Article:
The tense situation in Hong Kong is at a critical juncture. The protesters have made plain that they are there to stay, though their numbers are dwindling. They are demanding that the Beijing-appointed chief executive, Leung Chun-ying, resign. They want China to live up to its promise that elections in 2017 will be freely contested, not constrained by being limited to Beijing-approved candidates. The Chinese government has made just as clear that its patience is wearing thin, and that it strongly supports Leung. Will the outcome be an “Umbrella Revolution” or another Tiananmen?
An ominous sign of a potential police crackdown is use of the word “chaos” in Renmin ribao (People’s Daily, the official newspaper) to describe Hong Kong events. “Chaos” (luan) was the word used in the spring of 1989 to signal the Beijing leadership’s unwillingness to let the protests at Tiananmen drag on indefinitely. The word has a particular resonance in China: Its tumultuous modern history is replete with failed efforts to unify the country and prevent the formation of secret political cliques and factions. In the leadup to the Tiananmen crackdown, top leaders signaled through the press that the students were causing chaos and that “turmoil” would not be tolerated. Though these warnings were followed by Premier Zhao Ziyang’s fateful meeting with students in the square, which earned him 16 years under house arrest, we know from later accounts that Deng Xiaoping had convinced his colleagues that the demonstrations were a threat to the political system and had to be put down. Martial law followed.
Beijing is following the same script today. Editorials of October 1 and 3 in Renmin ribao’s online editions dwelled on the demonstrators’ “illegal assembly” and “absurd and crazy kidnapping” of law and order. The protesters are being called an “extremist opposition group” that is not only breaking the law but also threatening to disrupt years of prosperity and stability under communist rule. The laws enacted by China’s legislature “allow for no challenge.” The editorials scoff at the protesters’ talk of democracy and freedom, saying that “freedom without order isn’t real freedom, and will lead to social disharmony and instability.” Far from suggesting a path to compromise, the editorials are a warning of potential use of force. Leung Chun-ying strengthened that prospect by setting a deadline, October 6, for protesters to clear out and let government workers return to their offices, or face “all necessary actions.” They removed blockades, but many students are continuing their sit-in.
While Beijing has apparently ruled out concessions, it has authorized Hong Kong’s executive secretary (but not the chief executive) to meet with some students. But to meet does not signify when or what to negotiate. Finding a face-saving formula will be extremely difficult, moreover, particularly since the demonstrators have no leaders, no common program, and no agreed-upon end game. Should talks fail, or not be held, the opposition will face a choice between going home, hanging on and risking loss of public support, and escalating pressure such as by seizing an official building or office.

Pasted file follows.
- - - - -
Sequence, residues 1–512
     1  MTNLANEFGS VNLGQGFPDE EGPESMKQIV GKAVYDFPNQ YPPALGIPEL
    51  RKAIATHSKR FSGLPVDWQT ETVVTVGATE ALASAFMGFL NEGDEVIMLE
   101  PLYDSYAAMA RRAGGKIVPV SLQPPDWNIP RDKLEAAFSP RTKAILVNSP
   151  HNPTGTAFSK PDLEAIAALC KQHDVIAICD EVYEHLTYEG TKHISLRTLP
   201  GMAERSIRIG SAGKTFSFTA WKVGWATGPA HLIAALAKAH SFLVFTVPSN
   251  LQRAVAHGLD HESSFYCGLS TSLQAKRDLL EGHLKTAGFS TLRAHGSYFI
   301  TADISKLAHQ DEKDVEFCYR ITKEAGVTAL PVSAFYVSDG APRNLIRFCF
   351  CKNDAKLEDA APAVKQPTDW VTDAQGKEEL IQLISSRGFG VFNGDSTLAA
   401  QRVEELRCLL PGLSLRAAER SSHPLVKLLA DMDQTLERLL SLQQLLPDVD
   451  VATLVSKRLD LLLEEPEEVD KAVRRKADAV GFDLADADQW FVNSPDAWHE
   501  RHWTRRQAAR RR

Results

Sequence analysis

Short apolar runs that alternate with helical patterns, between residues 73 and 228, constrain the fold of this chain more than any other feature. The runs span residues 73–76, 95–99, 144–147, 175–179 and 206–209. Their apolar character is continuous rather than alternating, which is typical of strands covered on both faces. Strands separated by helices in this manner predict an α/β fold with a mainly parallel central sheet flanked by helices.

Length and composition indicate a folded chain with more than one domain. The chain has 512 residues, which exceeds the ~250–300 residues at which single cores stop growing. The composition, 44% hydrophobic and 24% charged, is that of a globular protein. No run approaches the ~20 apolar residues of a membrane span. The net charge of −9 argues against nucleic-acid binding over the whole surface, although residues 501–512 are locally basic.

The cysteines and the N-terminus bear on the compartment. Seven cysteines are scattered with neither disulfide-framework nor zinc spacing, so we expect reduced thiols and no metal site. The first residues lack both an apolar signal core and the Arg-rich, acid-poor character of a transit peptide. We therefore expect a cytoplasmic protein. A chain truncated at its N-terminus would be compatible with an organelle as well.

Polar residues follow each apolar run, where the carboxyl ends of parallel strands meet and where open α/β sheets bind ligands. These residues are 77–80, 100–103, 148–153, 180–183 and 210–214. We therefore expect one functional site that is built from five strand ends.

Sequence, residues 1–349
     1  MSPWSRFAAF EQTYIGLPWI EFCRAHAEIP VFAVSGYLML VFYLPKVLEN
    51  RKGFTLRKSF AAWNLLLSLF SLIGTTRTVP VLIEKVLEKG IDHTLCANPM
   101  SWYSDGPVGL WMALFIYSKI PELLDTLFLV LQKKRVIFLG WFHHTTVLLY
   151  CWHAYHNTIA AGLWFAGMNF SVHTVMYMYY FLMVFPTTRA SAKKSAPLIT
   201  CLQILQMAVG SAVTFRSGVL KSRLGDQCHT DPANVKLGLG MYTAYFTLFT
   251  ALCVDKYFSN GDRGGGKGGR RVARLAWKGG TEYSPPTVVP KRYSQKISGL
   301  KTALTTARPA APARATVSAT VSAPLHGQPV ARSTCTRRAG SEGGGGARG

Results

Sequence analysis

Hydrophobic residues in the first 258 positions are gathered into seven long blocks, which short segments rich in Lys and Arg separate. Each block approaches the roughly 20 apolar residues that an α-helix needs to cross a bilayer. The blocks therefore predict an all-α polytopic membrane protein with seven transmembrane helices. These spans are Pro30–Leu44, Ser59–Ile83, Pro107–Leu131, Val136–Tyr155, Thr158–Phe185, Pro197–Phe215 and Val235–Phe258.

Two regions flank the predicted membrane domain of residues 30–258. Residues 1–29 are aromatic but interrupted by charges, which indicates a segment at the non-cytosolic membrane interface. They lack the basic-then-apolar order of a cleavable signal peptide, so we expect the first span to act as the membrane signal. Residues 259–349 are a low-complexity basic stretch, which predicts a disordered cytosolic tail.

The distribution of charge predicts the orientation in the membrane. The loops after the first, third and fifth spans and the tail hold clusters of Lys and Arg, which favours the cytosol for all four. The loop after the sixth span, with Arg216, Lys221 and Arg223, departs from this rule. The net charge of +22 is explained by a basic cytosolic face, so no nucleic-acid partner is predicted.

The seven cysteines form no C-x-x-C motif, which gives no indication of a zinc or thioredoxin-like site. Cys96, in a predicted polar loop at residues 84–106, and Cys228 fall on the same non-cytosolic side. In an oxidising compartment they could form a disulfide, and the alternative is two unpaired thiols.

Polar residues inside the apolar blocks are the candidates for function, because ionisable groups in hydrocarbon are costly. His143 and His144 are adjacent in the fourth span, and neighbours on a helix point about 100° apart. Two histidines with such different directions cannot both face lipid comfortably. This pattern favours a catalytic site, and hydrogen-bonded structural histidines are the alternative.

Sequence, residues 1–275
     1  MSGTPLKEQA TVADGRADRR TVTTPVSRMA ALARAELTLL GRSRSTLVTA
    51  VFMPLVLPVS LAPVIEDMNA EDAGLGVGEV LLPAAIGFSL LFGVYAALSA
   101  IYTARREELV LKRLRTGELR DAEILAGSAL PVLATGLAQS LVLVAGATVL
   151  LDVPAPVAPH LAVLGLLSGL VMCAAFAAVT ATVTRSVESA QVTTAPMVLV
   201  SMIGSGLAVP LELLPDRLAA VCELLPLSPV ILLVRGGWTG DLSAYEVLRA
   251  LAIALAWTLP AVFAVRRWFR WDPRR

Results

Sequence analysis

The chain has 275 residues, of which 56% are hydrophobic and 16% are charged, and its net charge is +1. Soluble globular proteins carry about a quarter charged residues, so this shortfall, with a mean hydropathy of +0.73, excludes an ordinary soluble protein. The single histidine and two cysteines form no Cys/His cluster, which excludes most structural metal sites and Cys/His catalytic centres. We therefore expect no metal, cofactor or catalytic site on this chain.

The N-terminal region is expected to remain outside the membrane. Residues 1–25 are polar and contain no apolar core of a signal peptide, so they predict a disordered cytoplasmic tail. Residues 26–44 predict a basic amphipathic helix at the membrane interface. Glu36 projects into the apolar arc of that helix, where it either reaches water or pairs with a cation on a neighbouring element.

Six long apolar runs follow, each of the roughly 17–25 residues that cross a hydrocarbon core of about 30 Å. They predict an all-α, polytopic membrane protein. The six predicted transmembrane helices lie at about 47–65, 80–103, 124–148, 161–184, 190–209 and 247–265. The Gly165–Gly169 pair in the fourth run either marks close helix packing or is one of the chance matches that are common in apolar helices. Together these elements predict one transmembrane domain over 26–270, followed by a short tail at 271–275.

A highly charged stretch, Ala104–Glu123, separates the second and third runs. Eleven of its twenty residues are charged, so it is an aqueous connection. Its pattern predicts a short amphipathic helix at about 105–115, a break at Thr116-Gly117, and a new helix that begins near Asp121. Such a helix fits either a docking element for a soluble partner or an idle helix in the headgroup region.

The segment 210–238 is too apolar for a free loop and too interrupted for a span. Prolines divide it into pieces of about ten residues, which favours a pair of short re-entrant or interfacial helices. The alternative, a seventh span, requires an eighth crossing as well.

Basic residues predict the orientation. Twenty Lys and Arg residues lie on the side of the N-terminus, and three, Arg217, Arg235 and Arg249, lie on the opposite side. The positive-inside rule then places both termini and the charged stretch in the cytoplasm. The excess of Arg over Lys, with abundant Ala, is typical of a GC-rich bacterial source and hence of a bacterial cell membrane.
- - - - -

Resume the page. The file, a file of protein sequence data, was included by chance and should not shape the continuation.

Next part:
Beijing’s chief concern is the domino effect of lending legitimacy to the pro-democracy forces. Even if it does not concede on the election issue, it no doubt wants to avoid appearing weak in the face of a popular protest. To its way of thinking, successful demonstrations in Hong Kong might be followed by more of the same elsewhere in China, just as happened in 1989. Demonstrations create an environment for anti-government groups to organize and call for all kinds of reforms, not least free elections from top to bottom in China’s political system. Chinese leaders have therefore imposed strict controls over what the press reports about the demonstrations. Renmin ribao’s very limited reporting on Hong Kong attempts to show how strongly people in Hong Kong support China’s rule. But Beijing is well aware that it cannot suppress all the news out of Hong Kong. For one, Chinese bloggers are quite adept at finding ways around the army of censors. For another, thousands of mainland visitors funnel in and out of Hong Kong every day; a small number of them reportedly have even joined the protesters’ ranks. Whether Chinese tourists are sympathetic to the demonstrators or not, they represent potential trouble when they return home and recount what they saw.
Beijing will have no more compunctions about ordering the Hong Kong police to crack down now than they did about bringing in the army in 1989. International opinion is far less important to Chinese leaders than stopping “instability” in the empire. Already, as happened in June 1989, the Beijing press has seen “the hand of Western powers” in the demonstrations, insisting that the Western media invented the term “umbrella revolution” just as it invented “color revolution” and “jasmine revolution.” To China, democratization is a virus, and the contagion effects must be firmly dealt with. The British and American governments have expressed “concern” and sympathy for the demonstrators, but Beijing will easily deflect such “interference in China’s internal affairs,” as the criticism will be called. US and European Union sanctions are very unlikely to be imposed because of the huge commercial interests at stake, and besides, the West is too deeply embroiled in Middle East crises to want a confrontation with China. The only leverage Hong Kong’s people have is their numbers and tenacity. But time is not on their side, as students and workers discovered to their horror on June 4, 1989.